Chester Zoo, Past and Present

October 3rd 2019

Penny Rudd,the Registrar and Internships Coordinator and long standing member of the Chester Zoo staff will give an illustrated talk about the Chester Zoo entitled Chester Zoo, Past and Present. The talk will cover the zoo’s beginning in 1931 when its founder George Mottershead realised his boyhood dream of creating a zoo without bars right up to the present day zoo with its multimillion pound developments and a rating as one of the best 15 zoos in the World and Britain’s top visitor attraction outside London, with nearly 2 million visitors a year.

The History of Chester Zoo

Back at the turn of the twentieth century, a boy named George Mottershead was taken to a zoo in Manchester. What George saw that day inspired him to do something different.

Determinedly he told his father: ‘When I have a zoo, it won’t have any bars.’George never forgot that day, or the vow he made. In 1930, now grown up and with a family, he bought Oakfield house and seven acres of land for £3,500. And with him, he brought a group of animals from a zoo at Shavington, near Crewe… the first animals of Chester Zoo.

The zoo opened in 1931, and in 1934, the North of England Zoological Society was born. Keeping the young zoo open through the Second World War was no mean feat. But George did it. (As you can tell, he wasn’t one to give up easily.)

With the war over, the zoo began to grow – fast. One of the zoo’s slogans back then was, ‘Always building.’ George’s amazing energy, enthusiasm and skill earned him an OBE, and honorary Master of Science degree, and a term as President of the International Union of Zoo Directors.

George Mottershead in the Tropical Realm

By the time he died in 1978, aged 84, George’s dream of a ‘zoo without bars’ was well and truly flourishing at Chester.

How amazed and proud he’d be today, to see the huge estate we have now – in total, about 500 acres. The zoo itself takes up a massive 125 acres – more than ten times the size of that first bit of land George bought in 1930!

There are now 170 buildings at Chester Zoo, from the animal exhibits to the shops, restaurants, toilet blocks and admin offices. Plus, of course, the original Oakfield house itself and stable block, which are both Grade II* listed.

We’ve had a long history here at Chester Zoo. It hasn’t always been easy (George had to fight opposition to his very first zoo in the 1930s). But we’ve always come through stronger than ever.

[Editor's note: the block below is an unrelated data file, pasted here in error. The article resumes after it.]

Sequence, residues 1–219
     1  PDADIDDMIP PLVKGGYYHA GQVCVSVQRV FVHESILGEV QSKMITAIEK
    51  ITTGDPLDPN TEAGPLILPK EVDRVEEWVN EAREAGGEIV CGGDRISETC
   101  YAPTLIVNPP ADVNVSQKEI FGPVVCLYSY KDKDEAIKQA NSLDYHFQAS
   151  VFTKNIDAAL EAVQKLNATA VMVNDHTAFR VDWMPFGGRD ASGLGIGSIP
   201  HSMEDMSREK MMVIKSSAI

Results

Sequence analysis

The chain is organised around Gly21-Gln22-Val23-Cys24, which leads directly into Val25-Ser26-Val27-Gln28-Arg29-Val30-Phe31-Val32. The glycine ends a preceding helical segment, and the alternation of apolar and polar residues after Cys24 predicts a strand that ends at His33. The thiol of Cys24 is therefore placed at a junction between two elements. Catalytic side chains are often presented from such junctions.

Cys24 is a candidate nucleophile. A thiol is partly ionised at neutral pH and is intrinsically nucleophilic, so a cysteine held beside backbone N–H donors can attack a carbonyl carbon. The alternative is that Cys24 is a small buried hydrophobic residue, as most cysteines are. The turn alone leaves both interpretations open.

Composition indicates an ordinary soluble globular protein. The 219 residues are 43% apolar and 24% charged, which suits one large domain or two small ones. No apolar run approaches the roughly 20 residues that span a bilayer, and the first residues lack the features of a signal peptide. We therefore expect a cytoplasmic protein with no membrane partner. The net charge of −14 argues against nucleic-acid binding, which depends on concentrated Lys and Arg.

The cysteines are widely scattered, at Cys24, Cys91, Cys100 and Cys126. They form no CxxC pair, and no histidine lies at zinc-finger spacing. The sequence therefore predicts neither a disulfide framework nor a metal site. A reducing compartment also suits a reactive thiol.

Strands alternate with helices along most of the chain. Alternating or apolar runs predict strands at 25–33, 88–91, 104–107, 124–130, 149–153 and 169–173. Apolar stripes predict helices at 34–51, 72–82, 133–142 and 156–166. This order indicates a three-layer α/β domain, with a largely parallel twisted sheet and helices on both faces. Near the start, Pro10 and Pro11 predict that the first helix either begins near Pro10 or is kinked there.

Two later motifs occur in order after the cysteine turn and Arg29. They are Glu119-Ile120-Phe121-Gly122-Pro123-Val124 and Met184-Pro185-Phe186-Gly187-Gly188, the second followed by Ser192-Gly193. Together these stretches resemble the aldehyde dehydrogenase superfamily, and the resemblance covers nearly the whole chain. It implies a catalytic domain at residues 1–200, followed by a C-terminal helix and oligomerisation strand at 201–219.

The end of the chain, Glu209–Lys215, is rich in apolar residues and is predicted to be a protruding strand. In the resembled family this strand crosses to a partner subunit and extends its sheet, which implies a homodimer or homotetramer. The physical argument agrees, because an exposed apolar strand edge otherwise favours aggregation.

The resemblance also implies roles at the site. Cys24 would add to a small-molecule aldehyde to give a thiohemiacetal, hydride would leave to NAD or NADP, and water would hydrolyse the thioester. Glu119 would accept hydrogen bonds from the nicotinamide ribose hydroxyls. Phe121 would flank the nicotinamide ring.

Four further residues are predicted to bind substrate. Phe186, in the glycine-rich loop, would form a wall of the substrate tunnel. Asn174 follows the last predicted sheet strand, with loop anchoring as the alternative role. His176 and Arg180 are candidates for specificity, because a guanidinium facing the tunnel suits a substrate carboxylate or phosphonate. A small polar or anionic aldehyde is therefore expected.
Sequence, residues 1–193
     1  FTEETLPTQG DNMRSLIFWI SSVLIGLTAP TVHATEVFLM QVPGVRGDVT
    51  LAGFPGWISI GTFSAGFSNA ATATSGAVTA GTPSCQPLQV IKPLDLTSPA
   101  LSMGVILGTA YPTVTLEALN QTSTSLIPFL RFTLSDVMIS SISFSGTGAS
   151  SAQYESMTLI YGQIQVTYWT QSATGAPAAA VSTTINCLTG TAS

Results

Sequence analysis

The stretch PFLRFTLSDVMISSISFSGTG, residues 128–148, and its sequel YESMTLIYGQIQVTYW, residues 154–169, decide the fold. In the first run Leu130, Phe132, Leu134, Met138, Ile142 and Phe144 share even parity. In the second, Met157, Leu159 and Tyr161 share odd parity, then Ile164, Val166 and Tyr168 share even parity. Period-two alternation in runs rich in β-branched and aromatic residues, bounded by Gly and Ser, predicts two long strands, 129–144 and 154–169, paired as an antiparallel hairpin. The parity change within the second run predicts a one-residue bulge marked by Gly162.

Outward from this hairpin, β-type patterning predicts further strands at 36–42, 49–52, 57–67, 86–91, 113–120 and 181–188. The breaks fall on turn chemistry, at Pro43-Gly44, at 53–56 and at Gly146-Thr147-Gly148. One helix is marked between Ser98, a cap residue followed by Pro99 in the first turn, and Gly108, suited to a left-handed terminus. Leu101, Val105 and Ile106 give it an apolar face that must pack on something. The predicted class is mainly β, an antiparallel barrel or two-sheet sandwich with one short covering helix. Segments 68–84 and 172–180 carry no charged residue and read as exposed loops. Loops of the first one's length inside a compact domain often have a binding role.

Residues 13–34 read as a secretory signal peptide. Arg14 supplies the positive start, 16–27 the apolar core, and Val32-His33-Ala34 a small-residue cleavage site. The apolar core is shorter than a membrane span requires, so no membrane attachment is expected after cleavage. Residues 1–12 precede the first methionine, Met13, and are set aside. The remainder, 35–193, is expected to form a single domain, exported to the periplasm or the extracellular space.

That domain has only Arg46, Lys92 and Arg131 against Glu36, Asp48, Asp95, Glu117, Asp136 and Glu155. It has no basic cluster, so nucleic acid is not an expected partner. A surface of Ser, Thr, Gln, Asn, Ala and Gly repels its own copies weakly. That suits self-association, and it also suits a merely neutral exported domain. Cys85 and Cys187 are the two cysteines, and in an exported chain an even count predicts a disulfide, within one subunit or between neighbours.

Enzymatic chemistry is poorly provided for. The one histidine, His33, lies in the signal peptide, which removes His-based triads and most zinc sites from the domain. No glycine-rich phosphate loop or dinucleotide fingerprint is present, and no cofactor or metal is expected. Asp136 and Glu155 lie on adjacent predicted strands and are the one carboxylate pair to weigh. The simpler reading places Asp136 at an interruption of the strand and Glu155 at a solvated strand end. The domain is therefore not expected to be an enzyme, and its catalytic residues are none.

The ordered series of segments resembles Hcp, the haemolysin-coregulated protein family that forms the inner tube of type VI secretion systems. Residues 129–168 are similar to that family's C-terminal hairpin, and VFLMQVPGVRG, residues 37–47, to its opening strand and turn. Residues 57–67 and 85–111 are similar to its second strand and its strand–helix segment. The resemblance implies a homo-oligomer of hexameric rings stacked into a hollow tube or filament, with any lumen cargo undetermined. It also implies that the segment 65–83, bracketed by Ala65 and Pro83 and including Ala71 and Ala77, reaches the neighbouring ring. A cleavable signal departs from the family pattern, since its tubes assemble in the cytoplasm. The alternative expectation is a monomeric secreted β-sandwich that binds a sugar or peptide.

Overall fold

Today, we’re not only the UK’s most popular zoo, and one of the top 15 in the world; we’re also a highly respected centre for global conservation and research, and

All because one little boy cared deeply about animals, more than 100 years ago.

Stars of BBC One drama, Our Zoo, with a Bactrian camel in front of Oakfield House

The BBC One drama Our Zoo is based on the true story of how George Mottershead set up Chester Zoo

The Islands is a new attraction at Chester Zoo, with replicas of parts of south-east Asia, where visitors can get close to endangered species and even learn about conservation.


At Chester Zoo the main transport in The Islands is by boat   photograph by Juliette Jowit.

The Islands is a new attraction at Chester Zoo, with replicas of parts of south-east Asia, where visitors can get close to endangered species and even learn about conservation.

Since ancient Egyptians put exotic animals on display, humans have been gawping at and studying species from far beyond their own habitats. Today’s zoos, however, need to do much more than offer freak shows or modern arks. To remain acceptable in the public eye they must embrace conservation and education.

Judged by these modern standards, Chester Zoo, in the north-west of England, can lay claim to being one of the best.  It is also widely respected for its breeding programmes and conservation work in the native countries of species it exhibits.

Now it is expanding again, opening six small replicas of islands in south-east Asia – a species-rich and diverse region but one also undergoing systematic devastation of its biodiversity from hunting and destruction of habitats. For this reason, some species are the subject of breeding programmes at the zoo and in their native countries. Another feature that makes these islands so fascinating is that the animals have evolved into entirely separate species – many unique. Such distinctions helped form the evolutionary theories of pioneering British naturalist Alfred Wallace.

One of the Zoo’s rare Sumatran Tigers, part of an International breeding programme.